Axonal injury was examined in 18 human cases of acute spinal cord compression using amyloid precursor protein as a marker of AI.
To topographically map and semiquantitate axonal injury in spinal cord compression of sufficient severity to produce para- or quadriplegia.
Amyloid precursor protein is carried along the axon by fast axoplasmic transport and has been extensively used as a marker of traumatic axonal injury.
The study group comprised 18 cases of spinal cord compression (17 due to fracture dislocation of the vertebral column and 1 iatrogenic compression from Harrington rods) and two normal control. All the cords were examined according to a standard protocol, and at least 10 segmental levels were immunostained using a monoclonal antibody to amyloid precursor protein and immunopositive AI was semiquantited using a grading system to provide the axonal injury severity score (AISS). The focal injury at the site of cord compression (haemorrhage, haemorrhagic necrosis, ischaemic necrosis) was also semiquantitated to provide the focal injury area score (FIAS). AI occurring around the site of focal compression (focal axonal injury severity score or FAISS) was distinguished from AI distant to the focal injury (nonfocal axonal injury severity score or NFAISS).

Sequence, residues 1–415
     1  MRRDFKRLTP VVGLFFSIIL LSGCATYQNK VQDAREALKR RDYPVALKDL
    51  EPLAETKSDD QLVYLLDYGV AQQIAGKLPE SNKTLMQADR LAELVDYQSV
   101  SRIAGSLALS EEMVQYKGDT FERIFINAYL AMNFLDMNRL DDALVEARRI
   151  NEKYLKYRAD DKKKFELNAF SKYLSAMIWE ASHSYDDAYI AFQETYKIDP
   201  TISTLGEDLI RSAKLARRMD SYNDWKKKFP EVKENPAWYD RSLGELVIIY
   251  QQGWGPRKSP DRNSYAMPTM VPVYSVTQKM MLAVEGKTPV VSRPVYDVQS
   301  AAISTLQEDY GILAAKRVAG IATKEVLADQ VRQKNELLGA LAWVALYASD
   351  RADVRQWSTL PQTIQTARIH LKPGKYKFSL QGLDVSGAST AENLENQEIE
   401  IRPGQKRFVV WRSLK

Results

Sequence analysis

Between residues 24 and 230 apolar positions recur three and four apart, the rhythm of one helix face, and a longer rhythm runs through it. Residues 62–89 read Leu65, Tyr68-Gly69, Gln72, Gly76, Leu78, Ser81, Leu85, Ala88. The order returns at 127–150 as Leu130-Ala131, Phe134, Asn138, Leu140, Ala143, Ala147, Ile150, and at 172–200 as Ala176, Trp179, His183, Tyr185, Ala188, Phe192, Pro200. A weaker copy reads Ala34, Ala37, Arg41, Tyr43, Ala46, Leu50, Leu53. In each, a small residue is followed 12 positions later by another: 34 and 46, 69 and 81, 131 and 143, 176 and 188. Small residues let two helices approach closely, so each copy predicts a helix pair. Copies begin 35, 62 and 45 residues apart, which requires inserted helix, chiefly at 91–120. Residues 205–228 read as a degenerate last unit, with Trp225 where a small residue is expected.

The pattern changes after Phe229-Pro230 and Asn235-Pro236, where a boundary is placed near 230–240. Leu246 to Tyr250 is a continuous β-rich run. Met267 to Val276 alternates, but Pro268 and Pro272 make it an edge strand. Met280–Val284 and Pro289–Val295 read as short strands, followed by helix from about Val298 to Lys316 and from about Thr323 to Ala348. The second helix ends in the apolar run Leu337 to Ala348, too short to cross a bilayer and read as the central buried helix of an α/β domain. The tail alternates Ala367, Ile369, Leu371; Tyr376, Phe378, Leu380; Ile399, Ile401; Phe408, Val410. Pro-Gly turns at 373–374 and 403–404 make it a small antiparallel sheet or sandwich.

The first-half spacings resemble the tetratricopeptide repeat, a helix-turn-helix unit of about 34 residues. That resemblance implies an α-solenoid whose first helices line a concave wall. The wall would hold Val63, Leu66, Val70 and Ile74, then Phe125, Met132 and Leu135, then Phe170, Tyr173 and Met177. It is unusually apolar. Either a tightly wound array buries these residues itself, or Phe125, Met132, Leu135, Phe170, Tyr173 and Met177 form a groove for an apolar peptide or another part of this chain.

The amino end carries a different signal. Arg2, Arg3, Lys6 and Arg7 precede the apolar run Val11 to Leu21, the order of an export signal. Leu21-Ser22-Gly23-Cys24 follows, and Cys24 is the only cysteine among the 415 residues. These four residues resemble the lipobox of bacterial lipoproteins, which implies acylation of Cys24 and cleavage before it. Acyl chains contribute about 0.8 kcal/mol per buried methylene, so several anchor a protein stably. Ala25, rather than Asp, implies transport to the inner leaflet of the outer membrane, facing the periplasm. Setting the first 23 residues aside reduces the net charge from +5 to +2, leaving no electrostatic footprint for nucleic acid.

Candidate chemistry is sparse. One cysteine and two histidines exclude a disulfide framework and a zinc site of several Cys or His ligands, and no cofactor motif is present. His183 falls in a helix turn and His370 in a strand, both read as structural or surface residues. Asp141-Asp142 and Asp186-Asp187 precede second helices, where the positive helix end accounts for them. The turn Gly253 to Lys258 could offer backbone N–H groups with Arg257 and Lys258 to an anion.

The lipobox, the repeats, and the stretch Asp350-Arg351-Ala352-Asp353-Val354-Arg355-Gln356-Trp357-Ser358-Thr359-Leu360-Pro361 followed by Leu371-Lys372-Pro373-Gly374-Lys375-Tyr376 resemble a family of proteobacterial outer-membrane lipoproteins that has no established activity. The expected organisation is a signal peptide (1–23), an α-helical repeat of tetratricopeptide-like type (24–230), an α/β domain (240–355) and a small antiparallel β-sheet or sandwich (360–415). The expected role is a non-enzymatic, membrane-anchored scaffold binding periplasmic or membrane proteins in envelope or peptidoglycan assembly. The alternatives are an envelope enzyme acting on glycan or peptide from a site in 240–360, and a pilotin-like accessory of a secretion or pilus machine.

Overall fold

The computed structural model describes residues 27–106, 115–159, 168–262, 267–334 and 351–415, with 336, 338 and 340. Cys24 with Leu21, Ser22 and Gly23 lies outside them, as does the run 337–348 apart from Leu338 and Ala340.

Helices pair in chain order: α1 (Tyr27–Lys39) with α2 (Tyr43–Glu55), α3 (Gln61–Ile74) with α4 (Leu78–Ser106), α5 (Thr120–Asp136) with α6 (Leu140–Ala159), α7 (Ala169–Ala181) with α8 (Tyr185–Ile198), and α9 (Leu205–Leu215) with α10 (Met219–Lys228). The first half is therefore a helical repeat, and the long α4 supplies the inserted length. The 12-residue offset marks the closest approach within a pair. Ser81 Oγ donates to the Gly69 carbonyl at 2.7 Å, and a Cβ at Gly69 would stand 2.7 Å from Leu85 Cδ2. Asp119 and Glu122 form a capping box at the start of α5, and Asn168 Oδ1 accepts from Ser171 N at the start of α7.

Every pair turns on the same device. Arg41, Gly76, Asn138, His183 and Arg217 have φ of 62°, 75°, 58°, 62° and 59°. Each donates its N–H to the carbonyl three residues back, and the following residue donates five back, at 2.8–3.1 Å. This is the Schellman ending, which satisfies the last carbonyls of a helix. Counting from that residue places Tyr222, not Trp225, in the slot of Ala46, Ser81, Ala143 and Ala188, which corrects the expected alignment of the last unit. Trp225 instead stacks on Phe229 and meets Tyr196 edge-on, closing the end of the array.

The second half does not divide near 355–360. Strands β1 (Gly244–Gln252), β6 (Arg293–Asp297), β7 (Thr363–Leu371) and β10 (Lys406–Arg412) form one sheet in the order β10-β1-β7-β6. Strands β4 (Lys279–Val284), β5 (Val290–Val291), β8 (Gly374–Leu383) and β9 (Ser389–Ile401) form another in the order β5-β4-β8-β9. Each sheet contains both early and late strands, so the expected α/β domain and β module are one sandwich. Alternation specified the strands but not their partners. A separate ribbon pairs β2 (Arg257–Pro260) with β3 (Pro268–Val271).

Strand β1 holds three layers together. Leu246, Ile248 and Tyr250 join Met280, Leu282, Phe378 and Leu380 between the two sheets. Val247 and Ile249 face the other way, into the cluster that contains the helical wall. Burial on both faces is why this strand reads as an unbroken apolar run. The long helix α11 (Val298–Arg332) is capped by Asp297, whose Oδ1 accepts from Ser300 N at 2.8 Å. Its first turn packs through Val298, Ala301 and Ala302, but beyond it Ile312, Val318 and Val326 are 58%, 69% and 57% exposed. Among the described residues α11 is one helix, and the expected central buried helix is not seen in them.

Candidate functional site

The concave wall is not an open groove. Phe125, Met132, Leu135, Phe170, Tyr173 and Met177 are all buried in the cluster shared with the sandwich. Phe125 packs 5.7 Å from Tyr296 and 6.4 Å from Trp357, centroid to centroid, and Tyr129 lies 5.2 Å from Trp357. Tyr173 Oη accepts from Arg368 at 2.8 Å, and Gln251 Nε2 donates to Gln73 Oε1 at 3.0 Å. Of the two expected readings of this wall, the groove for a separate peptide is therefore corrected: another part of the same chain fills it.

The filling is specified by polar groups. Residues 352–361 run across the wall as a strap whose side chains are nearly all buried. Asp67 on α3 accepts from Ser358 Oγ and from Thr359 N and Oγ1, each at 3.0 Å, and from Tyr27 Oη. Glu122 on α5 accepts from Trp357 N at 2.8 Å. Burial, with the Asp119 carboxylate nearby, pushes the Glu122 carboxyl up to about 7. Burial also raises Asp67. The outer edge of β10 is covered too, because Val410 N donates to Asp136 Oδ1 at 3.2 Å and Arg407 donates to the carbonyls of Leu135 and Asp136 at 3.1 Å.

All 18 cases showed widespread amyloid precursor protein immunoreactive axonal injury and the AISS ranged from 28 to 60%. In all cases, the FAISS was greater than the NFAISS and there was a statistically significant relationship between the AISS and the FIAS.
Acute spinal cord compression of sufficient severity to produce permanent paralysis causes widespread axonal damage that is maximal at the site of compression but also present throughout the length of the cord in segments far distant from the site of the focal injury.
From the *Neuropathology Laboratory, Institute of Medical and Veterinary Science, †Department of Neurosurgery, Royal Adelaide Hospital, and University of Adelaide, Adelaide, South Australia.
Supported by grants from the Motor Accident Commission and the Neurosurgical Research Foundation.
Acknowledgment date: February 11, 1999.
First revision date: May 24, 1999.
Acceptance date: August 16, 1999.
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Device status category: 1.
Conflict of interest category: 12.